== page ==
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Cyanokit is indicated for the treatment of known or suspected cyanide poisoning.
Identifying Patients with Cyanide Poisoning
Cyanide poisoning may result from inhalation, ingestion, or dermal exposure to various cyanide-containing compounds, including smoke from closed-space fires. Sources of cyanide poisoning include hydrogen cyanide and its salts, cyanogenic plants, aliphatic nitriles, and prolonged exposure to sodium nitroprusside.
The presence and extent of cyanide poisoning are often initially unknown. There is no widely available, rapid, confirmatory cyanide blood test. Treatment decisions must be made on the basis of clinical history and signs and symptoms of cyanide intoxication. If clinical suspicion of cyanide poisoning is high, Cyanokit should be administered without delay.
Table 1 : Common Signs and Symptoms of Cyanide Poisoning
In some settings, panic symptoms including tachypnea and vomiting may mimic early cyanide poisoning signs. The presence of altered mental status (e.g., confusion and disorientation) and/or mydriasis is suggestive of true cyanide poisoning although these signs can occur with other toxic exposures as well.
The expert advice of a regional poison control center may be obtained by calling 1-800-222-1222.
Not all smoke inhalation victims will have cyanide poisoning and may present with burns, trauma, and exposure to other toxic substances making a diagnosis of cyanide poisoning particularly difficult. Prior to administration of Cyanokit, smoke-inhalation victims should be assessed for the following:
- Exposure to fire or smoke in an enclosed area
- Presence of soot around the mouth, nose or oropharynx
- Altered mental status
Although hypotension is highly suggestive of cyanide poisoning, it is only present in a small percentage of cyanide-poisoned smoke inhalation victims. Also indicative of cyanide poisoning is a plasma lactate concentration ≥ 10 mmol/L (a value higher than that typically listed in the table of signs and symptoms of isolated cyanide poisoning because carbon monoxide associated with smoke inhalation also contributes to lactic acidemia). If cyanide poisoning is suspected, treatment should not be delayed to obtain a plasma lactate concentration.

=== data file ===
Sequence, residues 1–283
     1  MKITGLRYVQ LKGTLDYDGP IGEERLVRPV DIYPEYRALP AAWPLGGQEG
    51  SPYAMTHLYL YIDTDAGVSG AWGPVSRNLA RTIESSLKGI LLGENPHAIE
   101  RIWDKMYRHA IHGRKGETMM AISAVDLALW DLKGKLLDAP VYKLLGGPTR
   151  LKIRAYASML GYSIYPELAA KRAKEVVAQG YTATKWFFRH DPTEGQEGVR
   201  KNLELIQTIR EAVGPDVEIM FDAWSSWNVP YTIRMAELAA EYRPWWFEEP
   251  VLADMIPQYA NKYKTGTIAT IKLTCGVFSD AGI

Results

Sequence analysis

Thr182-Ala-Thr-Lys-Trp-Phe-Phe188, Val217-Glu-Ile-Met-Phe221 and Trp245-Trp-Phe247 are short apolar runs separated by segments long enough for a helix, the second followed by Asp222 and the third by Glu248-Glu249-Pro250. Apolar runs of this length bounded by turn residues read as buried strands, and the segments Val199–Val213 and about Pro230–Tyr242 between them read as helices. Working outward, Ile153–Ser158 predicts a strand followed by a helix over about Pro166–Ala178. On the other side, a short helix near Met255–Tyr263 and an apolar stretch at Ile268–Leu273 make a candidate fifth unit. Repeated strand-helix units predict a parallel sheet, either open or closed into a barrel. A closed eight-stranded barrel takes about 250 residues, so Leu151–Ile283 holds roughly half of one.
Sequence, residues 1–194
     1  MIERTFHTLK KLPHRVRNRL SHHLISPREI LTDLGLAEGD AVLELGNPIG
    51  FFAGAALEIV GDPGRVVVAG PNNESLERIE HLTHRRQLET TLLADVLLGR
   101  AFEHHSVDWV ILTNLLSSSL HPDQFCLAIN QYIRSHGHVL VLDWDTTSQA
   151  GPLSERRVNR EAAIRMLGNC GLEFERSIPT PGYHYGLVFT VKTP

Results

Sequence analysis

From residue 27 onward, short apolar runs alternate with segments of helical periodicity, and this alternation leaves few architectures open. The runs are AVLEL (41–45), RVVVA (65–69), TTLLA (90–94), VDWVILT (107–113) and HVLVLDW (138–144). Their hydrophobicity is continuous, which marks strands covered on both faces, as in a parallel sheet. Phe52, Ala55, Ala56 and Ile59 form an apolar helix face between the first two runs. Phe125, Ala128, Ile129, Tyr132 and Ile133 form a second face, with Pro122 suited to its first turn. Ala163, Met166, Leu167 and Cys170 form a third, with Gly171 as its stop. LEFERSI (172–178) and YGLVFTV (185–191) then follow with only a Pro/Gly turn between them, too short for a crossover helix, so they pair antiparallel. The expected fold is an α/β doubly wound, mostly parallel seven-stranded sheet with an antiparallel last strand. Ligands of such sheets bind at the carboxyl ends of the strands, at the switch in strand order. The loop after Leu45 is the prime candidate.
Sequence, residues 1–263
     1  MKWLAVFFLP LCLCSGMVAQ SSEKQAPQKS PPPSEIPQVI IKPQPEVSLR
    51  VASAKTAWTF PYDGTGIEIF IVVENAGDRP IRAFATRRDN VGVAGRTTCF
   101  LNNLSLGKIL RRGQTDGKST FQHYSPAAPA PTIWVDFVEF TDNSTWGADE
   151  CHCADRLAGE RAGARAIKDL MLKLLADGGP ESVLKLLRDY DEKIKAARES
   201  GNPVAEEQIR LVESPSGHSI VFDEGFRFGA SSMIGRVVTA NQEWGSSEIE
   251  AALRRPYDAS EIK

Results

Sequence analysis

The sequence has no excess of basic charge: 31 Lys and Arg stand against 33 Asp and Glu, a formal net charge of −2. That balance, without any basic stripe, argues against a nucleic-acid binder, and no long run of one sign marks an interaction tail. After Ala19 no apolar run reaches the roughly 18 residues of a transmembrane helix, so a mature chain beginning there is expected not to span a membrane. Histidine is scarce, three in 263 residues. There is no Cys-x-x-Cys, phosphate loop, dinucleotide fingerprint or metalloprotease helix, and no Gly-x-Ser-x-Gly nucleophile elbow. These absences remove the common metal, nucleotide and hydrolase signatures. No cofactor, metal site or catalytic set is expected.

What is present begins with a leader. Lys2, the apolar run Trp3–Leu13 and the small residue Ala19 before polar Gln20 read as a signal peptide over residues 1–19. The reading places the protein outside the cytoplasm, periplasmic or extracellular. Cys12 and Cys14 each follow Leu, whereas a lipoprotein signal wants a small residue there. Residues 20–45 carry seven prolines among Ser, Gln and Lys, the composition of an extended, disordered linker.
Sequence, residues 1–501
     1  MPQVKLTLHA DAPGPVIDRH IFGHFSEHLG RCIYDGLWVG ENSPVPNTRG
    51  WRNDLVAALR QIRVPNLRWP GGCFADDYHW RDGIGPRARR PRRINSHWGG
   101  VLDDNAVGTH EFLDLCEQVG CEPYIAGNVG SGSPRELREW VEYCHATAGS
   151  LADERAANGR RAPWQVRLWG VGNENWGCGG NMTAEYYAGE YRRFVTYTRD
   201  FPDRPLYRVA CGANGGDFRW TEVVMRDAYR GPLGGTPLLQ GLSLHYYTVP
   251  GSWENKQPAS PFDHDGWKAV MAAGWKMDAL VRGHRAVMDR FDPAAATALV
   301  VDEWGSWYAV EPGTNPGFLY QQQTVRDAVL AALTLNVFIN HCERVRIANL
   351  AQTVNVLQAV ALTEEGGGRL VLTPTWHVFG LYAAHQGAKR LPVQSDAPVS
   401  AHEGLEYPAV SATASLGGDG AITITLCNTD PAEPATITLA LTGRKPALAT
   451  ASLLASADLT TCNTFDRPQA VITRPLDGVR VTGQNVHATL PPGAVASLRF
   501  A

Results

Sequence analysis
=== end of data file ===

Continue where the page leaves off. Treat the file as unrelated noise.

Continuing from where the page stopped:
Use with Other Cyanide Antidotes
Caution should be exercised when administering other cyanide antidotes simultaneously with Cyanokit, as the safety of co-administration has not been established. If a decision is made to administer another cyanide antidote with Cyanokit, these drugs should not be administered concurrently in the same intravenous line. [See DOSAGE AND ADMINISTRATION.]
DOSAGE AND ADMINISTRATION
Comprehensive treatment of acute cyanide intoxication requires support of vital functions. Cyanokit should be administered in conjunction with appropriate airway, ventilatory and circulatory support.
The starting dose of hydroxocobalamin for adults is 5 g administered as an intravenous infusion over 15 minutes (approximately 15 mL/min). Administration of the entire vial constitutes a complete starting dose. Depending upon the severity of the poisoning and the clinical response, a second dose of 5 g may be administered by intravenous infusion for a total dose of 10 g. The rate of infusion for the second dose may r ange from 15 minutes (for patients in extremis) to two hours, as clinically indicated.
Preparation of Solution for Infusion